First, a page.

The International Observatory on Statelessness

Middle East/North Africa

Most countries in the Middle East do not afford women equal nationality rights. Specific conditions vary, but the prevailing rule is that a woman married to a non-citizen cannot pass her nationality to her children, putting children at risk of statelessness and severely complicating the lives of couples of mixed origin. Three major populations vulnerable to statelessness are dispersed throughout the region: Palestinians, Kurds, and Bidun (also Bidoon or Bidoun).

Palestinians’ legal status and living conditions vary throughout the Middle East. Palestinian refugees are uniquely defined by and receive assistance from the United Nations Relief and Works Agency for Palestinian Refugees in the Near East (UNRWA). They are defined as persons who resided in Palestine between 1946 and 1948 and “who lost both their homes and means of livelihood as a result of the 1948 Arab-Israeli conflict.” Since UNRWA’s definition of a Palestinian refugee also covers descendants (through the male line) of such persons, the number has risen to 4.6 million. Article 1(2) (i) of the 1954 Convention relating to the Status of Stateless Persons provides that individuals receiving protection or assistance from UN agencies other than UNHCR are technically not covered by the 1954 statelessness convention. Thus, because large numbers of Palestinian refugees receive assistance from UNRWA, the 1954 convention does not apply. Nonetheless, millions of these refugees have no citizenship, although some have acquired nationality in other countries.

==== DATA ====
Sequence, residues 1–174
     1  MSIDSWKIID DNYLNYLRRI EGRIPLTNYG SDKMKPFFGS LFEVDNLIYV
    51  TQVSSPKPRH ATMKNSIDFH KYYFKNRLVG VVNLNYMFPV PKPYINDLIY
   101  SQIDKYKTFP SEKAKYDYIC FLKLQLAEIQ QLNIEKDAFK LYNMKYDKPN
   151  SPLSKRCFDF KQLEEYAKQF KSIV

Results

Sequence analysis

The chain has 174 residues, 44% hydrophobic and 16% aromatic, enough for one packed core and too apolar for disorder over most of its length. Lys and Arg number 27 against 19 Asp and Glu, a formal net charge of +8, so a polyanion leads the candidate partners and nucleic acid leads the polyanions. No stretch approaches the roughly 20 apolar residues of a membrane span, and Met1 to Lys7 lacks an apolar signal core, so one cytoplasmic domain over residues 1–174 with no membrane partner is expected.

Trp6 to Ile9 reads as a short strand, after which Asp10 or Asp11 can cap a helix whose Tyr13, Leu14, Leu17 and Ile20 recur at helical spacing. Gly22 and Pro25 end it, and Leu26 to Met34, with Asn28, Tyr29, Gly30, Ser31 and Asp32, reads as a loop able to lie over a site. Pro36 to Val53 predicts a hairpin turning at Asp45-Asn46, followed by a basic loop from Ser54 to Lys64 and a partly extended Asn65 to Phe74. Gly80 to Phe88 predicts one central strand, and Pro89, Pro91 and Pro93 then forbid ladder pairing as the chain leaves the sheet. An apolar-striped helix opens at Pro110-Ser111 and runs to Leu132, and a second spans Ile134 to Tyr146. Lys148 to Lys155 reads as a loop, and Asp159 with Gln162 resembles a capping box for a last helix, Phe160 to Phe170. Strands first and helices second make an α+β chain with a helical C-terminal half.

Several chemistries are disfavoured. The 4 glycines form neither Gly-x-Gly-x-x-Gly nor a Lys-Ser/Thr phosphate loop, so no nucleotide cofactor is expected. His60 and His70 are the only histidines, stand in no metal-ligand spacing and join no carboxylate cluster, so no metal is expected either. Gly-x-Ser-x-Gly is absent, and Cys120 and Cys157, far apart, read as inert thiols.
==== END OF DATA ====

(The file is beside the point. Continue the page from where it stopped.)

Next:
Kurds number between 25 and 30 million and more than half of the Kurdish population resides in Turkey. Others are in Iraq, Iran, Syria, Lebanon, Armenia, and Azerbaijan. Some live in Western Europe and the U.S. An estimated 300,000 denationalized Kurds in Syria and tens of thousands of Kurds in Lebanon lack citizenship. Though some stateless Kurds remain in Iran, large numbers have repatriated to Iraq since the downfall of Saddam Hussein thanks to favorable nationality provisions in the new Iraqi constitution.

The Bidun (or “bidun junsiya,” meaning “without citizenship”) are a minority residing throughout the Middle East, in Kuwait, Bahrain, United Arab Emirates, Qatar, and Saudi Arabia. Efforts to register and naturalize stateless persons in the United Arab Emirates in 2006 and 2008 are encouraging.